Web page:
Helping Trial Lawyers Navigate the Appellate System

SCOTX: Attorneys Must E-File Effective 9/12/11

[vc_row type=”in_container” full_screen_row_position=”middle” column_margin=”default” scene_position=”center” text_color=”dark” text_align=”left” overlay_strength=”0.3″ shape_divider_position=”bottom” bg_image_animation=”none”][vc_column column_padding=”no-extra-padding” column_padding_position=”all” background_color_opacity=”1″ background_hover_color_opacity=”1″ column_link_target=”_self” column_shadow=”none” column_border_radius=”none” width=”1/1″ tablet_width_inherit=”default” tablet_text_alignment=”default” phone_text_alignment=”default” overlay_strength=”0.3″ column_border_width=”none” column_border_style=”solid” bg_image_animation=”none”][vc_column_text]Texas appellate e-filing continues to evolve at a rapid pace.  Effective September 12, 2011, attorneys filing documents in the Texas Supreme Court must do so electronically.  Pro se parties may e-file, or they may submit paper documents.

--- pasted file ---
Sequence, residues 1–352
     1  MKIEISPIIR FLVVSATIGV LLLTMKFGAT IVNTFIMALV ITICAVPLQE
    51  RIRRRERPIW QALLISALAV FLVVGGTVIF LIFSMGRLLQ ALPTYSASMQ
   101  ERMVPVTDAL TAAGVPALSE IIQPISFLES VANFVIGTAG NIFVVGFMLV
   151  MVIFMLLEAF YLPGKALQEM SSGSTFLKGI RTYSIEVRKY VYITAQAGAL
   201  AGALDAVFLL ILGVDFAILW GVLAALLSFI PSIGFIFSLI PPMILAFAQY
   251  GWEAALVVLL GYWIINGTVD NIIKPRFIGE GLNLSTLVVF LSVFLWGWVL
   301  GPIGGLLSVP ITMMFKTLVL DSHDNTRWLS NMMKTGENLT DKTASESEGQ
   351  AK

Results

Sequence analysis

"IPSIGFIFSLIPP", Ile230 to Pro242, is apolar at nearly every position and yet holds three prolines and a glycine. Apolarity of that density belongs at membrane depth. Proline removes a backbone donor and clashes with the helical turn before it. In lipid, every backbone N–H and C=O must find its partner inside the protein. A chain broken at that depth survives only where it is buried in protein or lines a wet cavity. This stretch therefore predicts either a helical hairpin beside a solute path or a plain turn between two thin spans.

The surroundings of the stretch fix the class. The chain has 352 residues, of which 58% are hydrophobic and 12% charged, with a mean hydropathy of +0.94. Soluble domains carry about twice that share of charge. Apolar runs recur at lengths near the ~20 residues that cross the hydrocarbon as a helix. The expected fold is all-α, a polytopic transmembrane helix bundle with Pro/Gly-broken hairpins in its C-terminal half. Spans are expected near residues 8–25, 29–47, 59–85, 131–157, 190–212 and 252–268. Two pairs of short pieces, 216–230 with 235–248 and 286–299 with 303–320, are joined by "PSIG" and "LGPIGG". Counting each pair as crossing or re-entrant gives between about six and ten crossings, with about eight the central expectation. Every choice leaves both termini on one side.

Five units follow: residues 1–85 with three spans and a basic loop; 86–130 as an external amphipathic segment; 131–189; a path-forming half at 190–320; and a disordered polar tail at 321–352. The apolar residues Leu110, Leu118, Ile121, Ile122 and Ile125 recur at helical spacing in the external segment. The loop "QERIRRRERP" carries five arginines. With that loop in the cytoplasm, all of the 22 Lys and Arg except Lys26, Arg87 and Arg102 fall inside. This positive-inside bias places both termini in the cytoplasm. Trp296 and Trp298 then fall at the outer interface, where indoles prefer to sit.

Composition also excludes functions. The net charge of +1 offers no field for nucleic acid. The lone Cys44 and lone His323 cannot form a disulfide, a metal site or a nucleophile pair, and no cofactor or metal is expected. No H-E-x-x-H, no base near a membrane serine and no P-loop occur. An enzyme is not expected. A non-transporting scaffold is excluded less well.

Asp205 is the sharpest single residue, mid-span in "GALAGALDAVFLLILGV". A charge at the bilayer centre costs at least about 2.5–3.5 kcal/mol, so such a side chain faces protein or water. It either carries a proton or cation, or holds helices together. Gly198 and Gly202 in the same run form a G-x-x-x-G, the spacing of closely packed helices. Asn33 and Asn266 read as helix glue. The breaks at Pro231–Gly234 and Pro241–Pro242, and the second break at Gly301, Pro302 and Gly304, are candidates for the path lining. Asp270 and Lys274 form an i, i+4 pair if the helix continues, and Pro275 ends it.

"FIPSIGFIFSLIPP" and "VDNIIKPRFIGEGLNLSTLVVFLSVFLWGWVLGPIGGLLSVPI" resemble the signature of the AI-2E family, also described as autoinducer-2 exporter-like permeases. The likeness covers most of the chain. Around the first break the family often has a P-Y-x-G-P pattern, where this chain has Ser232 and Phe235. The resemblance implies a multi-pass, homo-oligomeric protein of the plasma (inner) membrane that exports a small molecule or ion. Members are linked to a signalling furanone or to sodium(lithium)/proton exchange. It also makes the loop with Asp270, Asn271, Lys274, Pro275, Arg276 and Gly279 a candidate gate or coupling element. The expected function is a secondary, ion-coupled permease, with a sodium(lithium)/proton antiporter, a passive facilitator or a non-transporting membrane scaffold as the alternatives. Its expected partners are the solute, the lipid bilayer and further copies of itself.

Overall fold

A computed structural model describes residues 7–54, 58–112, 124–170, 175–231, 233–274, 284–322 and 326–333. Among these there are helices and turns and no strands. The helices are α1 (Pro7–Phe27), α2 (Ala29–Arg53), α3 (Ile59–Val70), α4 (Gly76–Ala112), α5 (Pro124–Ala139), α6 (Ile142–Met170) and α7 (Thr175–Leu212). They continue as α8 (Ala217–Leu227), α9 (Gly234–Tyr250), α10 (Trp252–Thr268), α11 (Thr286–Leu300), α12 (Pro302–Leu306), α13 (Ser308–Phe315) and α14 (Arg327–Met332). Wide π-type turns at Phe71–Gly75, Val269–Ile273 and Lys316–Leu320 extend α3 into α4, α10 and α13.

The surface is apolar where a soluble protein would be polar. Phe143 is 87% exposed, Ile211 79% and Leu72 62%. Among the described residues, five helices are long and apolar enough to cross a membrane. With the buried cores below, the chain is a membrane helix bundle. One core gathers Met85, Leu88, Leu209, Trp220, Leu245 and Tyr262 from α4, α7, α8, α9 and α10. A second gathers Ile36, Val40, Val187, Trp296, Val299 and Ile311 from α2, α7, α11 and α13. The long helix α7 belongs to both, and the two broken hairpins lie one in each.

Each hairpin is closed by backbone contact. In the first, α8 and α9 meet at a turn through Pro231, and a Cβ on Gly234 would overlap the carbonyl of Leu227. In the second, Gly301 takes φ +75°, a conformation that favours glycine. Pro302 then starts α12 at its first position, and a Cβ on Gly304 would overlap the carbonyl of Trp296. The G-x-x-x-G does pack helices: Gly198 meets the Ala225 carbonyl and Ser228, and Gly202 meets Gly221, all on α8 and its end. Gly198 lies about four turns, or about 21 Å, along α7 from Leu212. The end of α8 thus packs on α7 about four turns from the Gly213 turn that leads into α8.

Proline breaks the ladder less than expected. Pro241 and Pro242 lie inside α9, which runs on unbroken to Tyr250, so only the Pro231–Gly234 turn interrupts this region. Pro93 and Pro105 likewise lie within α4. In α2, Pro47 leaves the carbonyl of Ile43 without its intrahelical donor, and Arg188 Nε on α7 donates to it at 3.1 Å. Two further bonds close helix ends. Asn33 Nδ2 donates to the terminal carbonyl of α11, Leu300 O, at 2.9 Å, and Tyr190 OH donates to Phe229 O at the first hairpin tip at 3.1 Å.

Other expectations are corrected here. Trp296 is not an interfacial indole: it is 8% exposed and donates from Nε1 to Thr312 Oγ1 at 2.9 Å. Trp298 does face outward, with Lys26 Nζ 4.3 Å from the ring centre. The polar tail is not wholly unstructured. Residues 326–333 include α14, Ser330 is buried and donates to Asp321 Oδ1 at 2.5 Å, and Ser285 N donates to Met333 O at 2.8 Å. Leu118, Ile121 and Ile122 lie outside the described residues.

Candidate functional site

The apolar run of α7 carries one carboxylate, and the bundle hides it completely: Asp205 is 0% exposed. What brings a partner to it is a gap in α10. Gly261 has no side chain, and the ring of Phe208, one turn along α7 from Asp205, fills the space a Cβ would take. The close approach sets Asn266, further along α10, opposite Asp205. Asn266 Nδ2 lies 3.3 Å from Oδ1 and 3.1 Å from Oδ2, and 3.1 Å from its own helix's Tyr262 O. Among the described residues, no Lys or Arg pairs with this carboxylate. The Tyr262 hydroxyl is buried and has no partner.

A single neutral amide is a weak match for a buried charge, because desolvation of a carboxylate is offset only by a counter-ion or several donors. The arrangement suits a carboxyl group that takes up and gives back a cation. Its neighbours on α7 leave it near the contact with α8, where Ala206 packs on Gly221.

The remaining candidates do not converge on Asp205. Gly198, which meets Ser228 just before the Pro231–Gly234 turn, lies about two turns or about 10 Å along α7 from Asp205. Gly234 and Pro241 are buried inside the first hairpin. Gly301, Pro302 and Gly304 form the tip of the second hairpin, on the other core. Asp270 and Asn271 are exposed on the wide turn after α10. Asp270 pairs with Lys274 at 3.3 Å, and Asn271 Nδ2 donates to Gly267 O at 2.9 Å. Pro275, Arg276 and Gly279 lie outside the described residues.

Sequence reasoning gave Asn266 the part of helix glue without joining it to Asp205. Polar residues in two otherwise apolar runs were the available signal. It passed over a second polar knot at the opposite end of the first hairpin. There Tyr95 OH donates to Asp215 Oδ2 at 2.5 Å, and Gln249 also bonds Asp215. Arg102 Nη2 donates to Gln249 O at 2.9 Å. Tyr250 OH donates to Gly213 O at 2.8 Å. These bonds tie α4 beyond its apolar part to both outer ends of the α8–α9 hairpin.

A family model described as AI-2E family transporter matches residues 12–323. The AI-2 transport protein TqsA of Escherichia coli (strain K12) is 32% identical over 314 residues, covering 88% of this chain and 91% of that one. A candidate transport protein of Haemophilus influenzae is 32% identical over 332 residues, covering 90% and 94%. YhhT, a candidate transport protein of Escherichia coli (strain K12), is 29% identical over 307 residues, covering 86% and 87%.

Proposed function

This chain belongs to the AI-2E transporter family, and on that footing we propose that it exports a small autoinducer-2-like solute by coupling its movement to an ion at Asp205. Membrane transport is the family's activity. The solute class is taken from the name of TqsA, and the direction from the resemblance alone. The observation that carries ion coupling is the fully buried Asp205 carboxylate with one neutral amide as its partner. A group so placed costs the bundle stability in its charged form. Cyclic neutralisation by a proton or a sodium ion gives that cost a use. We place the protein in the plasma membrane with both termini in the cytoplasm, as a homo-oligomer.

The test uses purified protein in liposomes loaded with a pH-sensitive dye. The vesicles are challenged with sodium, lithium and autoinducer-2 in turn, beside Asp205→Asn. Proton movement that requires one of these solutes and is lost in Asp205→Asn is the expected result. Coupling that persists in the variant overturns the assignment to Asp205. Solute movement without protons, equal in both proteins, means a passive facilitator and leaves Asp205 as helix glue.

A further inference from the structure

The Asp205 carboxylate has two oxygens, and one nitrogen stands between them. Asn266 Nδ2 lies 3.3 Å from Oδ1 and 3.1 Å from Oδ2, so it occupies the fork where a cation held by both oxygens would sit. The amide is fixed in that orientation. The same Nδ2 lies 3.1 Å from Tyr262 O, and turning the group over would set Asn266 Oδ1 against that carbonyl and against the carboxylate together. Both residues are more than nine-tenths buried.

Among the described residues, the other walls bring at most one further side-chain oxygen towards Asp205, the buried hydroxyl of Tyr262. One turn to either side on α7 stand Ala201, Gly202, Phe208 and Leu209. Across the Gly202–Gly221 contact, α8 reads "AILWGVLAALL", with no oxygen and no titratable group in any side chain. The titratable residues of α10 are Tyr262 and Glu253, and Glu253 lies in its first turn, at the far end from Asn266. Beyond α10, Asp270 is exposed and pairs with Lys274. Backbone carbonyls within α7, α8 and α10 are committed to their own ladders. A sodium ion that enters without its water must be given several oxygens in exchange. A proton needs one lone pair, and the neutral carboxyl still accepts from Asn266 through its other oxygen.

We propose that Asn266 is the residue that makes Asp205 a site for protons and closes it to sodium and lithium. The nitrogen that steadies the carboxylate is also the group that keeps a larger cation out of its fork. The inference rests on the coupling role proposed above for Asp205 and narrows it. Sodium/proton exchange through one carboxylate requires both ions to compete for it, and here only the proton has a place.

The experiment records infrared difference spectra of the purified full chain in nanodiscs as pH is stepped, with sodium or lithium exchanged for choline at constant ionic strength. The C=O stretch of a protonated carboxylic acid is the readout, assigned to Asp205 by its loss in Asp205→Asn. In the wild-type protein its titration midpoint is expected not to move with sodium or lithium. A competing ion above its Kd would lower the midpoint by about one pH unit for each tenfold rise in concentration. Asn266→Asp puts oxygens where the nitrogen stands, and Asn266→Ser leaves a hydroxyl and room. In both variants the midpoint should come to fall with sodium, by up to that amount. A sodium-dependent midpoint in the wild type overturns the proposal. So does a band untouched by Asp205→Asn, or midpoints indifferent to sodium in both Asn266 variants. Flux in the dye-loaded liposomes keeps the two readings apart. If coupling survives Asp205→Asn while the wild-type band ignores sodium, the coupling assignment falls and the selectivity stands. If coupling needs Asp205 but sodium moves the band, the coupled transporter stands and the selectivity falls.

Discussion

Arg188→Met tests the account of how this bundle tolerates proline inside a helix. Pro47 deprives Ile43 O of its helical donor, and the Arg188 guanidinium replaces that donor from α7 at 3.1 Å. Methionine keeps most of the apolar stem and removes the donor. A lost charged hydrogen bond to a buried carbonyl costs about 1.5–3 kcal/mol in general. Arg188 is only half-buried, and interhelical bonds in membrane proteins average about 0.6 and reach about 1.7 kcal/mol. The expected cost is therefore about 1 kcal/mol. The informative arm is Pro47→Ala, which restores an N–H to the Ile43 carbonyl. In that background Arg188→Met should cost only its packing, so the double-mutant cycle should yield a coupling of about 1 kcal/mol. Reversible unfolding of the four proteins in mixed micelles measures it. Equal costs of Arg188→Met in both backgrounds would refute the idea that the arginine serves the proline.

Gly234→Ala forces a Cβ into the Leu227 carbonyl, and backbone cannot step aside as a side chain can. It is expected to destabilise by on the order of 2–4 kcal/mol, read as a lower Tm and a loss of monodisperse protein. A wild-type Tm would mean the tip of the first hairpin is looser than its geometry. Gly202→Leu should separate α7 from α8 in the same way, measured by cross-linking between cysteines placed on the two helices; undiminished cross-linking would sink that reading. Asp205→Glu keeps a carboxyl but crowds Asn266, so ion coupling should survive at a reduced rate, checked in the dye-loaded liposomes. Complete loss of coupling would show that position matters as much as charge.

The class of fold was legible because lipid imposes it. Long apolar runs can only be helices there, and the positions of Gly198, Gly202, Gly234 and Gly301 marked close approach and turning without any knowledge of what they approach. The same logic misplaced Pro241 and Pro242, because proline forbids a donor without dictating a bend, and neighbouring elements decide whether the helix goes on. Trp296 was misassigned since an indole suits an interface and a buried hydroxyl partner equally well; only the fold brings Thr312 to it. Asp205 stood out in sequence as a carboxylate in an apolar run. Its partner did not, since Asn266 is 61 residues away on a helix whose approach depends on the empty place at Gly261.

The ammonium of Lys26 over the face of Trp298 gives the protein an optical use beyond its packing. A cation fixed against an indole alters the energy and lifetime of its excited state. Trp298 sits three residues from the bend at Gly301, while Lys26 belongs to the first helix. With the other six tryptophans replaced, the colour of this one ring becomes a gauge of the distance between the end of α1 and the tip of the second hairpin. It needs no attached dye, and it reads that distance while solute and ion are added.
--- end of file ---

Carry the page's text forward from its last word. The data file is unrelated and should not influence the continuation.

Don Cruse has broken down the new order over at the Supreme Court of Texas Blog.

Aside from SCOTX, e-filing is available in the following state appellate courts:  Austin, Dallas, Eastland (new as of August 8), Houston (1st District), and Houston (14th District).  The Texarkana court may be next in line, as its website states that e-filing will be available there soon.[/vc_column_text][/vc_column][/vc_row]

D. Todd Smith
About the Author

D. Todd Smith is an Austin-based civil appellate specialist who works with trial teams from the earliest stages of litigation. In trial courts, he takes the lead on strategic analysis and briefing, jury charges, and potentially dispositive motions, all with a focus on preserving error and positioning cases for appellate review.

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